A warmer Bay of Bengal is likely playing a role in increasing faster timescale depressions and reducing slower timescale depressions
The northern Bay of Bengal has been experiencing an intense marine heatwave since June 28, 2023. This has led to India’s usually arid northwest receiving extreme rainfall, experts have told Down To Earth (DTE).
The Bay of Bengal, especially its northern part, is usually warm. This enables it to play an important role in the southwest monsoon’s trajectory.
“During the monsoon, the northern Bay of Bengal tends to be warm and needs to be warm because this is where the monsoon winds blowing from the southwest over the Arabian Sea cross over into the Bay of Bengal and make a U-turn to pump moisture into the Indian subcontinent,” according to Raghu Murtugudde, professor of atmospheric and oceanic science at the University of Maryland, United States.
A warm Bay of Bengal is needed for the monsoon. But we are talking about a warmer-than-normal Bay of Bengal here when we talk about heatwaves. They are likely contributing some extreme rainfall especially over northwest India.
According to the India Meteorological Department (IMD), six of 10 meteorological subdivisions in the southern peninsula and four of 10 subdivisions in central India have reported deficient rainfall during this monsoon season while all the subdivisions in the northwestern region have reported normal to large excess rainfall.
An analysis of the United States National Oceanic and Atmospheric Administration’s (NOAA) data suggests an increase in the intensity of marine heatwaves over the Bay of Bengal and the Andaman Sea ranging from moderate to beyond extreme category marine heatwaves since June 28.
Marine heatwaves, according to NOAA, “are prolonged periods of anomalously high sea surface temperature”.
Since marine heatwaves are also a daily weather phenomenon, with the Bay of Bengal and the Andaman Sea region experiencing some degree of heatwave days throughout June, the intensity increased from June 28, 2023, onwards.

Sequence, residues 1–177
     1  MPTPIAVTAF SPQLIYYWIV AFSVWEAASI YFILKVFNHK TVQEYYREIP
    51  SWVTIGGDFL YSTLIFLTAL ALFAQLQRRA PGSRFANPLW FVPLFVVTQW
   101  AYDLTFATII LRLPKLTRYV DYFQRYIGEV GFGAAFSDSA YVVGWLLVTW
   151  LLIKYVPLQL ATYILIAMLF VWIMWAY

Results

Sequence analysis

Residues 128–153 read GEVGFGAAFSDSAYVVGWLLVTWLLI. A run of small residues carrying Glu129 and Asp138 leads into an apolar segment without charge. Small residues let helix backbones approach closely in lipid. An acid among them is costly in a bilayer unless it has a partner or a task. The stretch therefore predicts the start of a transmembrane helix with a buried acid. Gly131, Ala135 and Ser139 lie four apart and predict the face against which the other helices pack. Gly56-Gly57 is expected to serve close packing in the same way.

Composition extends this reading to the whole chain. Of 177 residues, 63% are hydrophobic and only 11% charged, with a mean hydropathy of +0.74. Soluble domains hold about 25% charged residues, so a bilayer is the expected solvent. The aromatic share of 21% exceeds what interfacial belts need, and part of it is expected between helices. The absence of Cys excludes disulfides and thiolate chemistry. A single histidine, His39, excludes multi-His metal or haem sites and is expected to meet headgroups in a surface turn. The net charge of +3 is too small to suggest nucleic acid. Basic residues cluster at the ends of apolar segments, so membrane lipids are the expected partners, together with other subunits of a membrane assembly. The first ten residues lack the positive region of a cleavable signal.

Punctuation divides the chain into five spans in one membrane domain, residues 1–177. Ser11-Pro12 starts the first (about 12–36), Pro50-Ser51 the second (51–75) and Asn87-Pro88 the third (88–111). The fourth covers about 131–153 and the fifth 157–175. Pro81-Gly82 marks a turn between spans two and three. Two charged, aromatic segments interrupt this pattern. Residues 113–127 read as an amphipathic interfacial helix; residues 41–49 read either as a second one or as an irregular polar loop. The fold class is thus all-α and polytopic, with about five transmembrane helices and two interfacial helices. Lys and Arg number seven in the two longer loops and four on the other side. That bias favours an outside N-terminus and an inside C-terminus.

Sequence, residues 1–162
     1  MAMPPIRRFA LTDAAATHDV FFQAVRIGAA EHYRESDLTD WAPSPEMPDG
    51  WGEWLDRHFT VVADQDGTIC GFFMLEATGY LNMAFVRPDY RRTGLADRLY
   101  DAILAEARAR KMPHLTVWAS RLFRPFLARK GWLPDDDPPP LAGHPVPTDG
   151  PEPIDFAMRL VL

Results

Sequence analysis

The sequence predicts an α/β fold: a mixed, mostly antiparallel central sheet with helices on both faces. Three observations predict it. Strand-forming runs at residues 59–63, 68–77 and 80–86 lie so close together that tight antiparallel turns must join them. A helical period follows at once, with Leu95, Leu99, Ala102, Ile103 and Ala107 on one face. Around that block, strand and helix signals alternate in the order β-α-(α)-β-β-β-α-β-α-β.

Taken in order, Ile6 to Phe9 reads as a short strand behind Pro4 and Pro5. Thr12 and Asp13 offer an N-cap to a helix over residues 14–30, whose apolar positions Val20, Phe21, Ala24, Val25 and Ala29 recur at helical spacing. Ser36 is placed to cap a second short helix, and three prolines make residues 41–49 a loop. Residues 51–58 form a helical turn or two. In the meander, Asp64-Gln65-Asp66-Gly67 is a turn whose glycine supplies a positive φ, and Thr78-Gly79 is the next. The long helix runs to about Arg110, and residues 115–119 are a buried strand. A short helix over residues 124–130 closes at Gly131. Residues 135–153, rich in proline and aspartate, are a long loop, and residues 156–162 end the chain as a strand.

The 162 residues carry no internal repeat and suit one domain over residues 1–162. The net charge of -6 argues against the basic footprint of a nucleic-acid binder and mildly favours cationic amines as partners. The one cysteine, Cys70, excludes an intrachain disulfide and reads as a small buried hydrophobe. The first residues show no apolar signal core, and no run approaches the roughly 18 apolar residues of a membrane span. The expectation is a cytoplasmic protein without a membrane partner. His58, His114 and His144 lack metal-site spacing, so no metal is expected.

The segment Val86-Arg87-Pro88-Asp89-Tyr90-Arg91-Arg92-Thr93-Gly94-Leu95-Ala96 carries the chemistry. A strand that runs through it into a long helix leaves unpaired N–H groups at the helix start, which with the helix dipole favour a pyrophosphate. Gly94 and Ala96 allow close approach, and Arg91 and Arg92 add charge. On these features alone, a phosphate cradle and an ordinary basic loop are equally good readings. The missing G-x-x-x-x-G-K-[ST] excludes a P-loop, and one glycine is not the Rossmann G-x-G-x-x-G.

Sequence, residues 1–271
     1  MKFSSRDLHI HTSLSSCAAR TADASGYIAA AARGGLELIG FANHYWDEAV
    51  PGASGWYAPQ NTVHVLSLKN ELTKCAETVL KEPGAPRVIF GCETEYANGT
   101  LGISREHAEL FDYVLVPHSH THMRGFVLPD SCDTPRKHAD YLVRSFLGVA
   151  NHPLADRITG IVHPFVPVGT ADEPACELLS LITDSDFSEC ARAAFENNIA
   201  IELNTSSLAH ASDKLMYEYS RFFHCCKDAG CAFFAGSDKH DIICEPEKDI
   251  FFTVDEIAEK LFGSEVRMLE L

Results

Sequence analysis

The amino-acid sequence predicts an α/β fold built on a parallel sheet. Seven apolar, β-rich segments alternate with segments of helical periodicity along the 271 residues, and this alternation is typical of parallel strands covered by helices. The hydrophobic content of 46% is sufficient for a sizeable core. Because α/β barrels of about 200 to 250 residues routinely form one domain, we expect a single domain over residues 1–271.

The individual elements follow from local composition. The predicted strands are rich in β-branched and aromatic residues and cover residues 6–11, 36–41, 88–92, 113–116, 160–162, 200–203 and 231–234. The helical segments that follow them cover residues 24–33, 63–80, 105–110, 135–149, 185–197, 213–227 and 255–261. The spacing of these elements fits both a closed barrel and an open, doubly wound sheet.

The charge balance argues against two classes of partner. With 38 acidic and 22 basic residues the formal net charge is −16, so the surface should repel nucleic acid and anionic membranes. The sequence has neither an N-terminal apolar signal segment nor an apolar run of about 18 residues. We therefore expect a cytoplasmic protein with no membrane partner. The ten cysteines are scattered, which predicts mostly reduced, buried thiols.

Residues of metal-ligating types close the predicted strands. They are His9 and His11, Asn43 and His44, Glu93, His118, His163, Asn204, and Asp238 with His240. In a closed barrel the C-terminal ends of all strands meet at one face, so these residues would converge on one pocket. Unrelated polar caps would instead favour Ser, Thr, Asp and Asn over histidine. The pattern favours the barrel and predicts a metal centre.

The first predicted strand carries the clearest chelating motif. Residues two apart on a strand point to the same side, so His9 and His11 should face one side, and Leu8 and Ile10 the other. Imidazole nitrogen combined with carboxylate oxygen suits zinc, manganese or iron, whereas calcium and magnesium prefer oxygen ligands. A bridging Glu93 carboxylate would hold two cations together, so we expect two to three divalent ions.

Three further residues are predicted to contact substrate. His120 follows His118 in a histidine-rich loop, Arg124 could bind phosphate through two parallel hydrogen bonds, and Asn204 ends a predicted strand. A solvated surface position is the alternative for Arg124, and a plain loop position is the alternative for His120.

According to Roxy Koll, climate scientist at the Indian Institute of Tropical Meteorology, marine heatwaves in the Bay of Bengal usually means a drier monsoon for central India and enhanced rain over India’s southern peninsula, he said.
According to Genesis and trends in marine heatwaves over the tropical Indian Ocean and their interaction with the Indian summer monsoon, which Koll co-authored, there were 94 heatwave events from 1982 to 2018.
“The western Indian Ocean region experienced the largest increase in marine heatwaves at a rate of about 1.5 events per decade (four-fold rise), followed by the north Bay of Bengal at a rate of 0.5 events per decade (two-to-three-fold rise),” the study said.
But with northwest India getting more rain this time, is 2023 turning out to be an outlier? According to Murtugudde a combination of factors is at play.
“The usual timescales depressions of 10 to 60 days (slower timescale) are reducing while the depressions in the timescales of 3-10 days (faster timescale) are increasing. Their path is now much more towards northwest India than north-central India,” he said.
Northwest India is witnessing above average rainfall because of the current trajectory that the depression has charted, coupled with a faster timescale.
“A warmer Bay of Bengal is likely playing a role in increasing faster timescale depressions and reducing slower timescale depressions”, he said.
In 2023, a warmer-than-usual Bay of Bengal has already experienced Cyclone Mocha, an Extremely Severe Cyclonic Storm, according to IMD.
Apart from meteorological implications, marine heatwaves also adversely affect marine biodiversity. According to the study which Koll had co-authored in 2020, 85 per cent of the corals in the Gulf of Mannar near the Tamil Nadu coast got bleached after the marine heatwave in May 2020, the study said.
The current heatwave in the Bay of Bengal could also negatively impact the mangroves in the Sundarbans, Murtugudde said.
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